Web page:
Crowley, meanwhile, had learned that something massive was going on in heaven and was finally seeing Gabriel put two and two together. Aziraphale wants to help him, while Crowley wants to drop that body off at Dartmoor and not bother with this problem. Seeing Aziraphale’s insistence on helping this archangel, even though last season’s events almost risked him being sucked into hell, Crowley walks out of the door as manager and expels a lot of energy, which produces a power cut and locks record store owner Maggie and coffee shop owner Nina in their romantic subplot.
Finally calm, Crowley and Aziraphale hatch a plan to hide Gabriel by performing a minor miracle. I genuinely have to say that the apology dance by Crowley is adorable. However, it backfires, unknown to them. Heaven gets wind of it immediately as a red light begins to flash, and Saraquel, one of the angels, identifies a pink flume coming out of the bookshop. They are already worried that Gabriel is missing and are now concerned that Aziraphale is involved.
Gabriel (or Jim, as he likes the moniker) has taken the role of bookseller pretty seriously, arranging books according to the first sentence of the first chapter. It is weird as well as hilarious, considering that Jim is such a blank slate that he has no clue what to do with books in the first place. However, as Aziraphale is pondering deeply about the current mystery, he is pulled back by a tune being hummed by Gabriel. The earworm burrows itself into Aziraphale’s brain, and he finally identifies the song after asking Maggie about it. It’s “Everyday” by Buddy Holly, and Maggie also informs Aziraphale about an urban legend where, in a pub in Edinburgh, all the record players start playing this tune in the jukebox, irrespective of the records being selected.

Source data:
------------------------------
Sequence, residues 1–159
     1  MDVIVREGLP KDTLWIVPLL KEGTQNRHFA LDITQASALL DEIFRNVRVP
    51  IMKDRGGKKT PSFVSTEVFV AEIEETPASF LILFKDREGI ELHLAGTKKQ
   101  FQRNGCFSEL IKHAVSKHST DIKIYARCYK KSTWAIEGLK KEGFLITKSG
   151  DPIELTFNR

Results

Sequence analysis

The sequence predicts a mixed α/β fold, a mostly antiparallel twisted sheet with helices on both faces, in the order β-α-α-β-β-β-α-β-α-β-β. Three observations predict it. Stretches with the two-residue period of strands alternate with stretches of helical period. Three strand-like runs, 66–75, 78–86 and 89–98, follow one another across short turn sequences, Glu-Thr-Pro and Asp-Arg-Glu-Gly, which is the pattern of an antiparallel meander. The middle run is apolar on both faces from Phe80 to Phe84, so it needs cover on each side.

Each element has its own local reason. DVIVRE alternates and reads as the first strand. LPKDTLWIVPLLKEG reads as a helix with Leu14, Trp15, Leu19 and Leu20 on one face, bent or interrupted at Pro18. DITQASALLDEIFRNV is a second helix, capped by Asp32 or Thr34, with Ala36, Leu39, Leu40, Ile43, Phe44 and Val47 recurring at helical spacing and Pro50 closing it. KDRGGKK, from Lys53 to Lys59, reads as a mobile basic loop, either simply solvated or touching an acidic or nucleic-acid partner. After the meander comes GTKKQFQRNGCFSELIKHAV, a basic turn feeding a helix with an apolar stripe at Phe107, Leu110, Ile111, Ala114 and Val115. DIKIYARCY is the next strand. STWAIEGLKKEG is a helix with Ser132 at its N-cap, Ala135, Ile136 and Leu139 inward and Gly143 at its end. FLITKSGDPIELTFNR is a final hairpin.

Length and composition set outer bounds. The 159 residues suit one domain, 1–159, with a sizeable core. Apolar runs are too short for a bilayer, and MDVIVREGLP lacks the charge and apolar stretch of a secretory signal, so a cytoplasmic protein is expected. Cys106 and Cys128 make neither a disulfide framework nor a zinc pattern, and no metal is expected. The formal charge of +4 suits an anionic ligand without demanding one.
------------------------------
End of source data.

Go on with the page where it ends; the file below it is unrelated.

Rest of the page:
Grasping that as the “Clue” (Aziraphale is very intent on capitalizing on that), Aziraphale could barely begin to ponder before the angels showed up in his bookshop. Flabbergasted by the questions, especially after realizing that they had been discovered, Aziraphale lies and says that he had been trying to make two humans (Nina and Maggie) fall in love, and that is why he had launched the miracle. When Crowley asks why such a rigmarole of an excuse, Aziraphale sheepishly admits that it had been all he could think of. At the very least, their current miracle is working because the angels are unable to recognize Gabriel and believe his humble personality to be that of Aziraphale’s new assistant.
The excuse by Aziraphale also highlights his growing feelings towards Crowley, even though the show’s propensity for maintaining a slow burn is not broken yet. He plans to either host a ball according to Jane Austen’s prose (author, spy, and train robber, which is a backstory I genuinely want to see tackled in this) or something more insidious like forcing these two women to stand beneath an awning in the rainy season, look into each other’s eyes, and fall in love.
Crowley had tried to figure out and identify more about Nina, and through him, the viewers learned that Nina’s relationship with her partner is strained, as she is very suspicious of Nina’s activities and also has a hard time trusting her. But before they can progress further in this plot, Azirphale asks Crowley to lend him “our car,” which raises the eyebrows of both Crowley and the viewer. Crowley had been living out of the car, and he is not receptive to giving up his home to anyone, as Shax is currently renting his flat. However, he reluctantly agrees, being forced to look after Jim while Azirphale goes on a road trip to Edinburgh.